Both Love Is Hell albums are mediocre at best, with Part 2 coming up even spottier than its predecessor (which famously included a folky take on Oasis’ “Wonderwall”). Adams undersells his talent here with a bunch of navel-gazing numbers, most offensively the piano-twinkly lounge-hip pose of “My Blue Manhattan” and the plaintive finger-picked up-his-own-arseness of “I See Monsters.” “Hotel Chelsea Nights” is an ably bluesy mock-up of early ‘70s John Lennon, but its overt anxiety of influence is difficult to get past. But then, out of nowhere, rises the bittersweet acoustic-rocker “English Girls Approximately,” one of the best songs Adams has written since 2000’s brilliant Heartbreaker. (Try to ignore Marianne Faithfull’s murmured, pitch-problematical backup warbling, which is thankfully mixed way down.) Adams is a frustrating artist to follow, his uncanny and immense talent often getting lost among scattered intentions and influence-of-the-day enthusiasms.

—Erik Hage

Plastic Jesus
So You Say Rock n’ Roll’s a Sin (Self Released)

Plastic Jesus are a punk trio from historic Waterford via Long Island who need to stop what they’re doing and take this thing on the road, already. This stuff deserves to be heard. Man, right out of the box, too, their first full-length release. Songs like “Chuck Berry” and “Wolfman” represent a very intelligent usage of ’50s-style rock hooks, employing them within song structures that are at times representative of that era and others from the heyday of American punk. This is a very smart, star-spangled tribute to all of it. It’s like the Circle Jerks meet Eddie Cochran—the spirit behind it is exactly such a hybrid.

So You Say Rock n’ Roll’s a Sin offers no real high gloss, no evidence of gated, ones-and-zeroes polish, but that by no means implies that it doesn’t pass constitutional luster. Rather, the CD has a warm, vibrant, analog sound that is just so much more accurate and honest (nothing against digital). I can close my eyes and I’m back in my bedroom on McKown Road, smacking my head against the wall to another good piece of underground vinyl rather than popping another ho-hum disc in my PC. Which is as it should be.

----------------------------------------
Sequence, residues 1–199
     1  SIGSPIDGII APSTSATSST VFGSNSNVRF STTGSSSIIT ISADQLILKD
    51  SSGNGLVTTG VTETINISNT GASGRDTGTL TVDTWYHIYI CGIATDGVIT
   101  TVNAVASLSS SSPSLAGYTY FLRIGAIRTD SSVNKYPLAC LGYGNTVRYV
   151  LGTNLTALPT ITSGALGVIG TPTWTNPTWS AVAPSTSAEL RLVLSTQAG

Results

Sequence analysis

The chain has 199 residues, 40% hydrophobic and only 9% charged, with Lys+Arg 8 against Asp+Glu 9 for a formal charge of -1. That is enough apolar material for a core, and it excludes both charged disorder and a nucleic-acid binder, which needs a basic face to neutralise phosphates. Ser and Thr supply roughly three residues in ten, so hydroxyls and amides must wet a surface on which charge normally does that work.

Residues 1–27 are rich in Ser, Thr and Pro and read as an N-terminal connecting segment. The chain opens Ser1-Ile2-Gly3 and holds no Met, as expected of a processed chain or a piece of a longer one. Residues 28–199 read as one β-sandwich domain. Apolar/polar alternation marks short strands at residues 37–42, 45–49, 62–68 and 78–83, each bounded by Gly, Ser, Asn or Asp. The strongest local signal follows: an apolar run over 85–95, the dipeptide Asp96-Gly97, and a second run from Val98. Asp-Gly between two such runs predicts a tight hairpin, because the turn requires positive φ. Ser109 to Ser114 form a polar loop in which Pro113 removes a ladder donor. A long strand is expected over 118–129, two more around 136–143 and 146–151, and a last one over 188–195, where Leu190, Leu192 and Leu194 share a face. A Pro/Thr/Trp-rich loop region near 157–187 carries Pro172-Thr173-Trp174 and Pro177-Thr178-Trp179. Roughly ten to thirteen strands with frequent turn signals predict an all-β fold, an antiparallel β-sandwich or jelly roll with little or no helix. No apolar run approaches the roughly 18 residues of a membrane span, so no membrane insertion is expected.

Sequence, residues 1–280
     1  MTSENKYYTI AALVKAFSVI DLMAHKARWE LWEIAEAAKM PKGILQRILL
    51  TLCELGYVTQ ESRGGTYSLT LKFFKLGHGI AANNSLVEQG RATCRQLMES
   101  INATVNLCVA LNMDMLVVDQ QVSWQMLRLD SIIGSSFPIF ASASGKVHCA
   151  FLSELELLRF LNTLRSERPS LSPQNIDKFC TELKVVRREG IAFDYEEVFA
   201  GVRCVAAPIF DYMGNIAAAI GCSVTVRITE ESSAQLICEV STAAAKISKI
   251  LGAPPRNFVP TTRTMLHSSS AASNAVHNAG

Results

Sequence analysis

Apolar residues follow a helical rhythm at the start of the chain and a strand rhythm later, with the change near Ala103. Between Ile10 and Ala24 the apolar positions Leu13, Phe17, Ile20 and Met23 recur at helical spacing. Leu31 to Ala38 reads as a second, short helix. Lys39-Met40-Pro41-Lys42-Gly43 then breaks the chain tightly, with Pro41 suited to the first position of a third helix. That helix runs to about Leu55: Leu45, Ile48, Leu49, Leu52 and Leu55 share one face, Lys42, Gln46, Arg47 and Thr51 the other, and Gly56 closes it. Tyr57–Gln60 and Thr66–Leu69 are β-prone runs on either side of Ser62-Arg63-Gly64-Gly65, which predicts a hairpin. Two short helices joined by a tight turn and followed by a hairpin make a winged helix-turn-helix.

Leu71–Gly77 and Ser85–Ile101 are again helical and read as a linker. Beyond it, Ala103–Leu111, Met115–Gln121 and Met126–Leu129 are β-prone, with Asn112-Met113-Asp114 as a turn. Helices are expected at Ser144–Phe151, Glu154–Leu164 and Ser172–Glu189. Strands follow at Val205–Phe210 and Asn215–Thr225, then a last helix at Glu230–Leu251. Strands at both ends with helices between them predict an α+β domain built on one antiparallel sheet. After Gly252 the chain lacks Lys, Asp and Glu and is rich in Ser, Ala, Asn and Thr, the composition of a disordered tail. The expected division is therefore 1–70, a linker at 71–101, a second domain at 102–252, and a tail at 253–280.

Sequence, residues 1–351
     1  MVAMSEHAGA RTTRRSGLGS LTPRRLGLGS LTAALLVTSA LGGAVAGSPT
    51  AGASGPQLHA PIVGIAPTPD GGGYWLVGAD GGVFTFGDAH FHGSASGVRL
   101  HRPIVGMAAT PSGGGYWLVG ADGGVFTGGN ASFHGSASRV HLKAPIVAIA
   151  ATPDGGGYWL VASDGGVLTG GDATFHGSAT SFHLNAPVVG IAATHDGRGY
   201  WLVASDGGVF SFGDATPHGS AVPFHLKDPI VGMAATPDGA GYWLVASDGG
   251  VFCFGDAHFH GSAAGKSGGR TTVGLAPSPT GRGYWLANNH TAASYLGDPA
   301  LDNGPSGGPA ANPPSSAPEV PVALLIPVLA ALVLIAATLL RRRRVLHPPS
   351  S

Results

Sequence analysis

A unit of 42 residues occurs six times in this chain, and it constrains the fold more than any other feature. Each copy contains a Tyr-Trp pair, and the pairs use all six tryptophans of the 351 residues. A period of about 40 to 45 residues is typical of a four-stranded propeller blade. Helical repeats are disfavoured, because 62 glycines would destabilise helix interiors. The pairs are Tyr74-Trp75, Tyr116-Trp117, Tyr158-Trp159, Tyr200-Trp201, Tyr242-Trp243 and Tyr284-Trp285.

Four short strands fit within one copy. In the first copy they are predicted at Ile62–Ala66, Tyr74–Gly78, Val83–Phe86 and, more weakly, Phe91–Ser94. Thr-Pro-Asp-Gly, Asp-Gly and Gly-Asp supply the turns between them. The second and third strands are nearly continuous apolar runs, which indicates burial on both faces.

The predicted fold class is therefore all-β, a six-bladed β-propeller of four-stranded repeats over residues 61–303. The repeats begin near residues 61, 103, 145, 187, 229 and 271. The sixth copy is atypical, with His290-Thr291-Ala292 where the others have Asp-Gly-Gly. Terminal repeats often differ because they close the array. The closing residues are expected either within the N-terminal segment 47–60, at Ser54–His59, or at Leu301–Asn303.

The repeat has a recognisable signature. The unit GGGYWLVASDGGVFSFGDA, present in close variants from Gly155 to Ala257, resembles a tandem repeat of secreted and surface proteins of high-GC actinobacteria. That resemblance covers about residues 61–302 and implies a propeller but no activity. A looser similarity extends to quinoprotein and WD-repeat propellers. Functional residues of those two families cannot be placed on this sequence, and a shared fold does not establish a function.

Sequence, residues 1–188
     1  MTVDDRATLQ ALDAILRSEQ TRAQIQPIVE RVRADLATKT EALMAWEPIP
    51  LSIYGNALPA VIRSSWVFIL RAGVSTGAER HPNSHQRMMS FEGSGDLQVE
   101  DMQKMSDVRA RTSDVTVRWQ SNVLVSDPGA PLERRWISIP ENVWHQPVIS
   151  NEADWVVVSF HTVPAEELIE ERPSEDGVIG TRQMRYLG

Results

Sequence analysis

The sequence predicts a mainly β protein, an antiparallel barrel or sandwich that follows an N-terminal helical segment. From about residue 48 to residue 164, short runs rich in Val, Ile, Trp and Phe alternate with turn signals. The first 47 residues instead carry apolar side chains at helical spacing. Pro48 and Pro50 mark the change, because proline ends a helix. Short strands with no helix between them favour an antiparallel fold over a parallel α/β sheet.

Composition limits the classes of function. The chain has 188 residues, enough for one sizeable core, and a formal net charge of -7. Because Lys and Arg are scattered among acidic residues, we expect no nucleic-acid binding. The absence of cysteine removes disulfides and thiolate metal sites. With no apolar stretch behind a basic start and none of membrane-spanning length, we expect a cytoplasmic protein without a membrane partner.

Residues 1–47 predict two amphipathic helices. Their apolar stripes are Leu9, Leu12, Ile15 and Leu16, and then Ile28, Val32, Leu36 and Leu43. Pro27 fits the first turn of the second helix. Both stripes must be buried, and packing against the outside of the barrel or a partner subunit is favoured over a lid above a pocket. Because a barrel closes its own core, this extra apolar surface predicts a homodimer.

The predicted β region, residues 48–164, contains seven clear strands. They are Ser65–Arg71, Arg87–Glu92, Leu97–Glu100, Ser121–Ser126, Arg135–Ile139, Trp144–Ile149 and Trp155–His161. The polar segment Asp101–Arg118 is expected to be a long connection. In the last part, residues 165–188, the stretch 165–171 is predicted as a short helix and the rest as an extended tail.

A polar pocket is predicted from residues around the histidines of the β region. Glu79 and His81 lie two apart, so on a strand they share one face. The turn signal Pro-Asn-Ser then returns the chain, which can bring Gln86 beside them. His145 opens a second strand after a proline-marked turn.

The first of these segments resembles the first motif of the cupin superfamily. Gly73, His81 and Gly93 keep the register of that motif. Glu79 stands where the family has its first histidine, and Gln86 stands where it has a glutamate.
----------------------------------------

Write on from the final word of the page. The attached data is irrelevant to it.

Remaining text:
—Bill Ketzer

Moby Grape
Legendary Grape (DIG Music)

Moby Grape’s first album in 1967 stands as one of the finest debuts by any band, ever. Unfortunately, on the commercial front it was all downhill from the moment Columbia pressed the record. They were ensnared by drugs, infighting and, especially, bad management. The effects of the latter remain such that the band, who re-form with sporadic regularity, can’t legally use their name. Hence, the billing on this disc says simply “Legendary Grape” (they’ve also performed as The Melvilles).

Originally released only on cassette in 1990 (and limited to a mere 500 copies!), the Legendary Grape CD now has eight songs added to the original 10. Of the original quintet, four of them were on board, with Skip Spence missing in action, though still alive at that time. However, the set does open with Spence’s “All My Life,” which unmistakably bears his marks, as he takes simple phrases and imbues them with giddy, if slightly off-kilter, exuberance. The rest of the set moves from the riff-driven “Give It Hell” to the bluesy swagger of “Took It All Away” and the finger-picked gusto of “On the Dime.” The entwined guitars still make the band sound unmistakably like themselves, with the contrasting voices of Bob Mosley, Jerry Miller and Peter Lewis here at full power. While there are some dated ’80s production sounds (particularly on the drums), the sheer force of the band transcends.

—David Greenberger